Although your teen is most likely in a major independence-seeking mode, that doesn't mean she is always acting as an individual. As your teen broadens her social horizons, she is better able to work as a team and contribute to a group dynamic. While building a sense of individuality is a key part of the teen years, fostering team work skills -- including cooperation, sharing ideas and supporting others -- is equally important.
More than 44 million kids participated in athletic activities in the year 2008 alone, according to the National Council of Youth Sports. If your teen is one of the many adolescents who plays a high school sport -- whether it is at school, in the community or in the backyard with friends -- you are sure to see the value that team work has. KidsHealth notes that playing sports, and working towards a common goal with a group of peers, helps children of all ages to learn the importance of team work. Without an adequate understanding of how teams work, your teen may not reach his potential when it comes to sports participation. For example, if he's on the soccer field and refuses to pass the ball -- trying to make all of the goals himself -- it's not as likely that his team will win. Beyond that, the other players -- who are probably also his friends -- may resent his selfishness.
While some teachers insist that the students work independently, others may require your teen to complete an assignment or project with a group. Group work during school time requires a team player attitude, the ability to take other people's viewpoints into account and skills such as sharing and listening. Team work, during the school day, is also an important way that teens can learn about real-world situations that they may have to deal with sooner rather than later. College study groups, and later on -- professional group work projects -- require a team effort. Instead of waiting until your child is facing his first team meeting at his post-college job, learning collaborative skills early on can help him to jump right in to a group environment.
3. Social Situations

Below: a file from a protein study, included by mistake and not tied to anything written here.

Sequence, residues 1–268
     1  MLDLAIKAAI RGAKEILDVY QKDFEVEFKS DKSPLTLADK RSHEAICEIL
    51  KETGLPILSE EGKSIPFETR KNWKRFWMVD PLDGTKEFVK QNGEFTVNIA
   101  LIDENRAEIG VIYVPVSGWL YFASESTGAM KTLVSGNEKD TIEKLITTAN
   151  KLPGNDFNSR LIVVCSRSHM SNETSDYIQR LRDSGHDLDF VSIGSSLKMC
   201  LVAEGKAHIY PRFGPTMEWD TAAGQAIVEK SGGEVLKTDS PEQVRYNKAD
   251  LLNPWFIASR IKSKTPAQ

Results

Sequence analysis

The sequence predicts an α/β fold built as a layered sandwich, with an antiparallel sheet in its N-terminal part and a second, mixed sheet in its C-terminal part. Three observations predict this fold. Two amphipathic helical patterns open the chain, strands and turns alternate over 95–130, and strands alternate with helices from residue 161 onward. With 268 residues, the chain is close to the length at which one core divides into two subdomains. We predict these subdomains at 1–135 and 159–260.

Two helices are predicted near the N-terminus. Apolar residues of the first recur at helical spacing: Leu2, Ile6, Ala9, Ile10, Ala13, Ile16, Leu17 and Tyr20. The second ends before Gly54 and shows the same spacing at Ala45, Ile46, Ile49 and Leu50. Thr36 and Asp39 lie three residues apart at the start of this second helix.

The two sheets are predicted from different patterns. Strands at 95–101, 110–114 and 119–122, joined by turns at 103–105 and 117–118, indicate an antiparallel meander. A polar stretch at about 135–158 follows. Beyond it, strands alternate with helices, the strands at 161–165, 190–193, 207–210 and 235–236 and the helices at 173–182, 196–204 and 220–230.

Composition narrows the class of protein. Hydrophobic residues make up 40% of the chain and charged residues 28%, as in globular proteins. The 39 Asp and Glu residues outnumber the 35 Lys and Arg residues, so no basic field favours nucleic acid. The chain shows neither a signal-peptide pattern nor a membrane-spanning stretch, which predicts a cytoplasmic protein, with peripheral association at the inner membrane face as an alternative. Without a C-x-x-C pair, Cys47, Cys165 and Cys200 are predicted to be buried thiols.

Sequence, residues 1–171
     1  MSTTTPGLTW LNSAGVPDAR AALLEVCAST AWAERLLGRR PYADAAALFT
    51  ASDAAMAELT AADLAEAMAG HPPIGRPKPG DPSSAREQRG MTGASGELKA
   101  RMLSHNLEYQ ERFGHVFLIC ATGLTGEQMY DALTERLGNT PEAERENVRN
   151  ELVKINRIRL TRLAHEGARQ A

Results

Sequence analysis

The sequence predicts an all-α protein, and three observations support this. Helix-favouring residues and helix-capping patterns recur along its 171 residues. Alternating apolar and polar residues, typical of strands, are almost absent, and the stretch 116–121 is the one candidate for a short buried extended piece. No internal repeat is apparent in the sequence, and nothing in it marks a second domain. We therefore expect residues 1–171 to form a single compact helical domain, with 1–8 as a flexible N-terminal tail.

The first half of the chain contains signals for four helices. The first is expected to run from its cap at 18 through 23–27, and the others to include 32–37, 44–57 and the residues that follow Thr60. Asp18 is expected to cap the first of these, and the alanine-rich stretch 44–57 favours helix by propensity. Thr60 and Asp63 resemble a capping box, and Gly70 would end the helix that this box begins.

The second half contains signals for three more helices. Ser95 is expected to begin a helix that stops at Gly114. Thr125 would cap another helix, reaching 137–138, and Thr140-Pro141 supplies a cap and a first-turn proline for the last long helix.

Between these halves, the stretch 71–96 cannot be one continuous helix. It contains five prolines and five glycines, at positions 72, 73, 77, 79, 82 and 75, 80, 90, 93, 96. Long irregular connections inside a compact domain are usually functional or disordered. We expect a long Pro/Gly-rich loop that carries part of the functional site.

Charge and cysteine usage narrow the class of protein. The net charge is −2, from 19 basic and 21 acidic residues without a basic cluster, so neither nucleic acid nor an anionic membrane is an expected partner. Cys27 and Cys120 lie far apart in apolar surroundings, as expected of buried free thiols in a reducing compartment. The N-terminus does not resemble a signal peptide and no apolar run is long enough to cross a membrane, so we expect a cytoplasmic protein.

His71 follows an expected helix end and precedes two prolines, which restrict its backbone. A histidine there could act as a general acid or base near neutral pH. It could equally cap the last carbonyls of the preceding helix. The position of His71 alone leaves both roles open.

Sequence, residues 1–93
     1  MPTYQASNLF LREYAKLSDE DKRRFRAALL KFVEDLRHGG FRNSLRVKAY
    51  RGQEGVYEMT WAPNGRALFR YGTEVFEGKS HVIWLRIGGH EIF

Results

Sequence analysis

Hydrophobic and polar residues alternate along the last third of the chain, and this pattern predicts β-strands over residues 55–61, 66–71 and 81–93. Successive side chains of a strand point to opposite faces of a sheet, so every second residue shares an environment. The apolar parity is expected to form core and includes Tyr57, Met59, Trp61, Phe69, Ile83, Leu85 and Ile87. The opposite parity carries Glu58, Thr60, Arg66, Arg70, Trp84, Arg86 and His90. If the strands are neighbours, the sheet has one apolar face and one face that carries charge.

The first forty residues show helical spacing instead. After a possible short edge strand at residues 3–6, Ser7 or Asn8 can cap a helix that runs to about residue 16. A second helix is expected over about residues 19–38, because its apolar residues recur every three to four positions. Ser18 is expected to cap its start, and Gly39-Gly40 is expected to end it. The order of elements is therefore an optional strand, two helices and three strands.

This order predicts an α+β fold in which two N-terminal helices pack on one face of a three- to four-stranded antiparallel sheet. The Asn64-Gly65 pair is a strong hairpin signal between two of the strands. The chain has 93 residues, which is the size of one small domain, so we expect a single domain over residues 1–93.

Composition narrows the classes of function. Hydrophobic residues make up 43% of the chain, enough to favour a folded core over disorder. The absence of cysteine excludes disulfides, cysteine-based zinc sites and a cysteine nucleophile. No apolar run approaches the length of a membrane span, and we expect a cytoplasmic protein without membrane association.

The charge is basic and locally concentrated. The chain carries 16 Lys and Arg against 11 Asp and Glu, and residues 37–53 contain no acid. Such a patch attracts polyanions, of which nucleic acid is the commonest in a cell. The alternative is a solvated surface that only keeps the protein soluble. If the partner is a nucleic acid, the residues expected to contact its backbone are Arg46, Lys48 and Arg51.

Team work, whether it's in school or out, can help your teen to build valuable social skills. Although your teen has far more sophisticated social abilities than she did as a younger child, she still may need to work on areas such as effectively communicating with others or taking someone else's point of view. As your teen moves away from spending all of her free time with you and the family and into more peer situations, she will need to broaden her social skills. Understanding how to function in a group and work as a team is a prime part of growing socially. For example, if your teen is planning a sweet 16 birthday party with her BFFs, she will need to work as a team with her friends to get all of the work done and have the best bash ever.
The U.S. Bureau of Labor Statistics notes that as of 2012, 19.5 million young people were working in America. If your teen has an after-school, part-time or summer job, chances are he will have to learn the importance of team work sooner rather than later. While some jobs, such as babysitting, may not necessitate a group approach, others -- such as working in a fast food restaurant or retail store -- may require a group effort. For example, if your teen works as a bus boy at the local diner, he will have to work with his team -- the cook and wait staff -- to ensure that the establishment stays clean and the customers have quick and reliable service. This can also help him later in life when he begins his after-college career and must collaborate with co-workers on projects or in meetings.
- National Council of Youth Sports: Report on Trends and Participation In Organized Youth Sports
- KidsHealth: 5 Reasons Girls Should Play Sports
- KidsHealth: Group Projects for School
- Palo Alto Medical Foundation: Teenage Growth and Development: 11-14 Years
- Bureau of Labor Statistics: Employment and Unemployment Among Youth -- Summer 2012
- Ezra Shaw/Digital Vision/Getty Images